Electrical cabinet turned ‘framed’ chalkboard

Electrical cabinet turned framed chalkboard {Heather's Handmade Life}

Why blend in when you were born to stand out? That wisdom goes for people, and I’ve decided it also applies to ugly electrical cabinets.

For the first few years we lived in our house, our finished basement was exclusively a playroom for our babies. I discovered the wonder of chalk paint — it was pretty groundbreaking back in 2011 — and used it in three or four different spots in the room. I thought I’d never get sick of it.

The playroom (before it was my office). Look at little C!

The space morphed into a playroom/guest room over the years, and then last year we turned it into a large home office for me. We lightened the walls (from deep grey to warm greige) and painted over all of the chalkboard paint, and it felt very fresh.

My new home office (no longer a playroom!)

But those electrical cabinet doors still bothered me. I was trying hard to make them blend in, but they were so awkwardly placed. I couldn’t hang art next to them without it looking weird, so I settled for leaning a canvas against the wall. Nothing felt right. I could still see them!

During a recent organizational frenzy, I rearranged the furniture in my home office and decided I was finished trying to pretend those doors didn’t exist. They really had worked better as one big chalkboard.

But wait … I no longer had any chalkboard paint. Would regular matte black paint work? …

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Electrical cabinet turned framed chalkboard {Heather's Handmade Life}
Electrical cabinet turned framed chalkboard {Heather's Handmade Life}
Electrical cabinet turned framed chalkboard {Heather's Handmade Life}

Continue reading in my weekly DIY column, My Handmade Home …

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Nine years of L-O-V-E

It’s funny how holidays make you more aware* of time passing.

*totally sappy

Everyone was very excited to wake up this morning. Sleepy but excited!

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Babies on the move

This column was originally written for Bedford magazine in the summer of 2011.

A younger me, writing about a much-younger D


I was sitting on the airplane, a few years back, puzzling over the woman walking slowly up and down the aisle. She had a toddler in front of her, and the little girl was taking teeny-tiny steps from one end of the plane to the other end. The mother was following closely behind, sort of stooped over, and looked embarrassed.

I just sipped my Diet Coke and went back to reading my book — ahhh, my pre-baby life was luxurious — wondering why the hell she didn’t just pick up the baby and sit down? Couldn’t she entertain her at their seat somehow? Why was she walking her around?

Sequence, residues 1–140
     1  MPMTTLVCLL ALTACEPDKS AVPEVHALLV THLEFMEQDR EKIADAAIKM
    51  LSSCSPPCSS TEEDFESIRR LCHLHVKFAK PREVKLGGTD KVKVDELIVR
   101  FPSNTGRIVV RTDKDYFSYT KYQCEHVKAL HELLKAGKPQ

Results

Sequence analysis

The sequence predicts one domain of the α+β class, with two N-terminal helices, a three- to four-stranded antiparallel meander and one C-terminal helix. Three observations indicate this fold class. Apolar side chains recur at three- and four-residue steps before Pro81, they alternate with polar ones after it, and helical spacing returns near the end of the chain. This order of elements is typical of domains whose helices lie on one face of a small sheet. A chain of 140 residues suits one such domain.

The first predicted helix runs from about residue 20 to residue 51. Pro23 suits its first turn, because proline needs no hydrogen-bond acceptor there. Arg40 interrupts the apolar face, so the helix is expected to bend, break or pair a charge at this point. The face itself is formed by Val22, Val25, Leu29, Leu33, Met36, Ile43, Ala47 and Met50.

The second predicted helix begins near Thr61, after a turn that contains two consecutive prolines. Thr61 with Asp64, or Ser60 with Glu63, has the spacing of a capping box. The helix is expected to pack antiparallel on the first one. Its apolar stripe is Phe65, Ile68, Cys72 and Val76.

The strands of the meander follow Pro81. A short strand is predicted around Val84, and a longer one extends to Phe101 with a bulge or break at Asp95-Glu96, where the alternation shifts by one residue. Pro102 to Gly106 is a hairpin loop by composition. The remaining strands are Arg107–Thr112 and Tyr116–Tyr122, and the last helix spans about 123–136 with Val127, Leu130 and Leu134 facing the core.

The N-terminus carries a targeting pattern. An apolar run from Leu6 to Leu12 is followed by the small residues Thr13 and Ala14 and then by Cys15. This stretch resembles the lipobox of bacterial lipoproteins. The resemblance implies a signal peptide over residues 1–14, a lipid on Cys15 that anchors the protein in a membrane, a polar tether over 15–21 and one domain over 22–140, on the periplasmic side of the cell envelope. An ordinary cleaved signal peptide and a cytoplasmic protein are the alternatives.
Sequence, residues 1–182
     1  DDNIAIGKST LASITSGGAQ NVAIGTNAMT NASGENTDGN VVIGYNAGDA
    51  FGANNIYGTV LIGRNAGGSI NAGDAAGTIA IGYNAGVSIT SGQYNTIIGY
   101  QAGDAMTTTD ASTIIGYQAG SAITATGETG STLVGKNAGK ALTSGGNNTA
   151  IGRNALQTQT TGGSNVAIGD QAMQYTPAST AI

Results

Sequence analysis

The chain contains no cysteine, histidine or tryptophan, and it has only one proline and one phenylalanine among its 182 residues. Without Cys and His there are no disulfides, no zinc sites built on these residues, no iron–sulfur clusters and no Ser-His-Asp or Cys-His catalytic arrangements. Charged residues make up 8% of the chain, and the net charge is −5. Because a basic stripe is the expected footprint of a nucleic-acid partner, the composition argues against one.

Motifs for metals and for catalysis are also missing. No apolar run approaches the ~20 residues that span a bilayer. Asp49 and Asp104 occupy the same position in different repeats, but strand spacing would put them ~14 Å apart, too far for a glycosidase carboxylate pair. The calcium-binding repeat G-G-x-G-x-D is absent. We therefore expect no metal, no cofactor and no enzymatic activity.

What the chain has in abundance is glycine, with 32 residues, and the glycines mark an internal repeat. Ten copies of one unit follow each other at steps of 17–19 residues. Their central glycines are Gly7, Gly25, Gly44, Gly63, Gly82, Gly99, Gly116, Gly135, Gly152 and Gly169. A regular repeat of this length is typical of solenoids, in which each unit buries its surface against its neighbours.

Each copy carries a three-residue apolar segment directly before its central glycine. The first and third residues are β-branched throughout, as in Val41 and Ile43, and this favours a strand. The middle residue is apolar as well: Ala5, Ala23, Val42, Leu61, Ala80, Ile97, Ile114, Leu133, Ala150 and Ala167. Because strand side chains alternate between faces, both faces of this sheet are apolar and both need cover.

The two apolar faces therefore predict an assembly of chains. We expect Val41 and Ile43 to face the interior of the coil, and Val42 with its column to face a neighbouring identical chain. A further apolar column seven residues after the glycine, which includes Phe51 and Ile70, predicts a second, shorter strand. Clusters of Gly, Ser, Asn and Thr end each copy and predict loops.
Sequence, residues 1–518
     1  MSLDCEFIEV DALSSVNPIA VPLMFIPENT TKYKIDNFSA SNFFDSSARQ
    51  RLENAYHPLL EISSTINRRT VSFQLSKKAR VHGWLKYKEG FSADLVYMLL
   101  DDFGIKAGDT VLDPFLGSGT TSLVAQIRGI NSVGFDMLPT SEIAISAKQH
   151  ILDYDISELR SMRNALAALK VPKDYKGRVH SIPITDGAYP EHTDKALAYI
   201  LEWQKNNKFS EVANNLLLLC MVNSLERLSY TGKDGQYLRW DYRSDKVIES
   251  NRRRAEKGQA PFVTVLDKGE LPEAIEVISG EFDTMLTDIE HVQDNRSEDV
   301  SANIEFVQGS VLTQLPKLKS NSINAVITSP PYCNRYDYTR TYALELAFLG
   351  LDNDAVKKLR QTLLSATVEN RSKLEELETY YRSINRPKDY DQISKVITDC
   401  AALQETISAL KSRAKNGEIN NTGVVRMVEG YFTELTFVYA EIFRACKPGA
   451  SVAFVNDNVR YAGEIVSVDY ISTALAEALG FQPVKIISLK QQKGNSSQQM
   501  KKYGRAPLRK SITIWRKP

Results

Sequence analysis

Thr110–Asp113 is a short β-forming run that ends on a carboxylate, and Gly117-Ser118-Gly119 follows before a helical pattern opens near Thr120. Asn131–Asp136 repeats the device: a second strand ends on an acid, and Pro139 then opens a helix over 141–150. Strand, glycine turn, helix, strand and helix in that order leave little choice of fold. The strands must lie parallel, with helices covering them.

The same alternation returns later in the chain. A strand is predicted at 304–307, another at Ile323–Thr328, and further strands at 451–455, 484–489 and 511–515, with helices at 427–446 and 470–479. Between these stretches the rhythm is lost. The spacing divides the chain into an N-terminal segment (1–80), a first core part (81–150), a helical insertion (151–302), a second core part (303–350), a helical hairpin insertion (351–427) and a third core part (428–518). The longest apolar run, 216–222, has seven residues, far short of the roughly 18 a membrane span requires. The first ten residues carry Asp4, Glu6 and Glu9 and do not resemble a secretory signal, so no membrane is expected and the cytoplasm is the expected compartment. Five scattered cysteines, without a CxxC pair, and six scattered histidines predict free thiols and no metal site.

I had no idea.

That woman on the airplane wasn’t embarrassed. The look on her face was a combination of exhaustion and acceptance over what she had to do. I know this now because I was blessed — or is that cursed? — with an early walker. A NINE-MONTH-OLD WALKER.

He runs up and down the halls. He climbs into the bathtub. He tries to climb the walls of the tub. He climbs out. He takes off down the hall and runs in a circle around a chair. I’m sweating and exhausted every day before 7 a.m.

Remind me again why we teach our babies to walk? My son discovered the power of his two feet at nine months old, and hasn’t stopped since — I haven’t, either.

The especially tricky thing with a walking baby is that suddenly they do not want to sit in their stroller. They do not want you to carry them. They want to WALK — on their own, all the time, until their chubby little legs simply can’t go another step. Forget mules — just start saying someone is “as stubborn as a toddler.”

Growing up, we had a harness for my baby sister so she didn’t go careening off the cliffs in PEI. When my son started walking, I immediately went out to purchase one so he would be safe in public. He’d trot along next to me, easy peasy, right?

Um, no. We chose a quiet weekday evening to start our leash-training at Bedford Place Mall. Once the baby was carefully strapped into the harness, we set him down in front of Zellers and let him explore. He took off with a satisfied little grin on his face. There was so much to see! Fake plants and silky ties and displays of shiny new bicycles!

It turns out, leash-training a baby is way harder than leash-training a dog, because dogs usually understand basics like “No” and “Stop.” Dogs have some common sense, and learn to stop when you stop. They learn that plastic plants are for eating. Dogs certainly don’t drop dramatically to the tiled floor of a mall and wail because you didn’t let them walk over the edge of a balcony.

We still get stares, as he toddles along in his harness and I trail behind. I have taken some flak from parents who do not believe in “restraining” toddlers. I ignore it, as I suspect they are the same parents who don’t believe in Happy Meals. (Hey, if they make special toys for kids under three, who am I to deny my child chicken nuggets?)

Yes, my “restrained toddler” is technically tied up like a prized mare, but at least he has (somewhat) learned how to walk safely next to me in a shopping mall. Your “free-range toddler” is probably running wild and overturning the display of bicycles. Better go catch them!